Not that I know of, specific to that. Stuff that he puts in the scripts could have all sorts of hidden or personal meanings that aren’t necessarily shared with me.

I have to say, I know he has mentioned retirement a few times here and there, but the times I’ve met with him, he was every bit as sharp and energetic as any writer I have ever met. The man exudes creativity and is a voracious consumer of ideas and writings. To think that he might stop acting on inspiration and his inherent need to create art seems unfathomable to me. If anything, he may be at the end of his checklist of works he intended to complete, but that just means he will have the freedom to explore other avenues of creation, I suspect.

It is possible that the unfortunate passing of the great Steve Moore (no relation) might have put him in the mindset of final works, but I think we have many things to look forward to still.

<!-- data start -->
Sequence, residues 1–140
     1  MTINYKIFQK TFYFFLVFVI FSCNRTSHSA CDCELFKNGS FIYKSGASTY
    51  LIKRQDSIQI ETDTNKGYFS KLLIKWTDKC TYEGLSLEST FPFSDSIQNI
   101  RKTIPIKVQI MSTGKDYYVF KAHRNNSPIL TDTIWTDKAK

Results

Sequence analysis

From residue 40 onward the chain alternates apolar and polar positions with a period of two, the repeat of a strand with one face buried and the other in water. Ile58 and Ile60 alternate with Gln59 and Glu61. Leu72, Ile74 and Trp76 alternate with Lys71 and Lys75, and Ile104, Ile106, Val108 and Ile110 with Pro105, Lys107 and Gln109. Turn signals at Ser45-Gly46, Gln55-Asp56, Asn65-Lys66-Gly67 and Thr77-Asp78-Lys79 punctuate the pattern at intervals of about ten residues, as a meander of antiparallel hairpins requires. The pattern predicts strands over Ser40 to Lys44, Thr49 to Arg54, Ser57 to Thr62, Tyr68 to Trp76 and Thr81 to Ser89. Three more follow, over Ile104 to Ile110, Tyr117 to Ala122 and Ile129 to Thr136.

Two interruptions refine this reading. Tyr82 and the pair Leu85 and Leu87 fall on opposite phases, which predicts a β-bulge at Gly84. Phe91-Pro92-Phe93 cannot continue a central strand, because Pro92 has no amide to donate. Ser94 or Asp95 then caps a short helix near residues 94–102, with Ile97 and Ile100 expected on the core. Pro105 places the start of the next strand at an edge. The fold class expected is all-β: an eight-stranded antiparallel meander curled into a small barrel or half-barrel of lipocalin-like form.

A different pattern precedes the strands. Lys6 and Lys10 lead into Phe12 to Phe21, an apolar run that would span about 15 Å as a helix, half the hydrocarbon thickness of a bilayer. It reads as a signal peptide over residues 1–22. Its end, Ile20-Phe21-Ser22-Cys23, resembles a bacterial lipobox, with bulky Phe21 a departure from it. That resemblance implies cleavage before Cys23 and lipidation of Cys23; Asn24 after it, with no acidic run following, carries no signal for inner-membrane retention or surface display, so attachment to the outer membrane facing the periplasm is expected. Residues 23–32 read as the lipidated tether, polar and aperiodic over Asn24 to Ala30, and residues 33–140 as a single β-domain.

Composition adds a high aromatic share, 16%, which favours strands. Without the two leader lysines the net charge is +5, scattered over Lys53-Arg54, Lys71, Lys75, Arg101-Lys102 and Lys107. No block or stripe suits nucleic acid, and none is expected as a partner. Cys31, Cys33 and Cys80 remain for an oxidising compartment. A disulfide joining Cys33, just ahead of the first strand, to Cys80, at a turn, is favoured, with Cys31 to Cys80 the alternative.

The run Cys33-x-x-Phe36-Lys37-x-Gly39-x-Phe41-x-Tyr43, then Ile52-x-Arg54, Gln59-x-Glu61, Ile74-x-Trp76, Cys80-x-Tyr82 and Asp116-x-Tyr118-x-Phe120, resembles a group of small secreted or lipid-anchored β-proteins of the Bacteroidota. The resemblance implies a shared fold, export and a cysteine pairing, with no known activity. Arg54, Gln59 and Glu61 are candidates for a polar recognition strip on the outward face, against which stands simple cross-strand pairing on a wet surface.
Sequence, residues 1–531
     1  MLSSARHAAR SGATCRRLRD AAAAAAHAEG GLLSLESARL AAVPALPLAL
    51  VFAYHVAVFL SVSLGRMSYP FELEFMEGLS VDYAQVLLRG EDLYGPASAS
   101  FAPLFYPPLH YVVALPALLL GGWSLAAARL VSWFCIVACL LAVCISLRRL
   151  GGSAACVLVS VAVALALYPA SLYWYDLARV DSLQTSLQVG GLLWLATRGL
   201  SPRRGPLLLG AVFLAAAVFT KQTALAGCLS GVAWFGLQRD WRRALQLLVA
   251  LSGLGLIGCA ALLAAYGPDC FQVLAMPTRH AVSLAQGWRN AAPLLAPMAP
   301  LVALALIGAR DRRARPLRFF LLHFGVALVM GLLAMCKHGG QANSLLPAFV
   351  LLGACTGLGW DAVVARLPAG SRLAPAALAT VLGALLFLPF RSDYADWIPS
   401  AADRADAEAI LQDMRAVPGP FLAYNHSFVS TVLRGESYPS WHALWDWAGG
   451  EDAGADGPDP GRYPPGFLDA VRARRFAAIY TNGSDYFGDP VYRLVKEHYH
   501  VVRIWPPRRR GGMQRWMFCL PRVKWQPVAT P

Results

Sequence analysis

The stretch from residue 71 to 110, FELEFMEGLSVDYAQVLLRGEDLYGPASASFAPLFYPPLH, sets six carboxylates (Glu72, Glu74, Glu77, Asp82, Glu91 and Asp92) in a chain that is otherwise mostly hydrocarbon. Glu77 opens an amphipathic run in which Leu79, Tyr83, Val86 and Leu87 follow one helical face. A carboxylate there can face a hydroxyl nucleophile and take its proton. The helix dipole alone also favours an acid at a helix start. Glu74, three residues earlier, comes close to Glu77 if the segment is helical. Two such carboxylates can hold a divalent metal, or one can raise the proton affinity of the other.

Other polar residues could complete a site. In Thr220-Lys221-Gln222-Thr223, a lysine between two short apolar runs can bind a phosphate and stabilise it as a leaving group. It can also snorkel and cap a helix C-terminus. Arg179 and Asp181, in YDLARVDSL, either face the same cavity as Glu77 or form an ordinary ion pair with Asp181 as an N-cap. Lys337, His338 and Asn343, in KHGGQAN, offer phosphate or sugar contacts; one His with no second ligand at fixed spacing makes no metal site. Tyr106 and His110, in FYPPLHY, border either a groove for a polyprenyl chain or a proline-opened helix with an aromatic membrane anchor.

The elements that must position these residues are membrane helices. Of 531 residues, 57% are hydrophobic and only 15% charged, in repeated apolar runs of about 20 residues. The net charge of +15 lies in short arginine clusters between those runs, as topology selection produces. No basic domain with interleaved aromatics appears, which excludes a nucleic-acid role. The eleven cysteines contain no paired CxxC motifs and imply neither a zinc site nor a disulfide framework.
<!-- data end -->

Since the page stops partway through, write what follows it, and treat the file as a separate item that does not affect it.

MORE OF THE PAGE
BURROWS’ BACKGROUND AND FUTURE

Are you friends with any well-known artists in the comic book industry? If yes, which ones?

I’d say I’m acquaintances with very many comic pros through doing conventions, but nobody lives near me so there are no opportunities to be much more than casual friends you see a couple times a year. I’ve gotten to know more writers than artists due to Avatar’s bullpen. Most of the Avatar artists aren’t from the U.S. and don’t come over for conventions.

Now that the series is almost completed, could you see yourself venturing into Lovecraftian waters again in the future?

Oh certainly. Just not the NEAR future. I need a little break from period stuff and this particular kind of horror. But I feel like a real expert now and it would be a shame not to explore it again.

There were things we just barely touched on that I think would be fun to draw. More of the Dreamlands, maybe. Or stuff with the Yithians and Elder Things.

Are you interested in drawing other comics – other than your Avatar stable? Would you be interested in drawing for Marvel or DC? If you had your pick, what series, mainstream or independent, would do you think you would like to draw?

The Incal by Jodorowsky and Moebius. Image via The Leadpile
The Incal by Jodorowsky and Moebius. Image via The Leadpile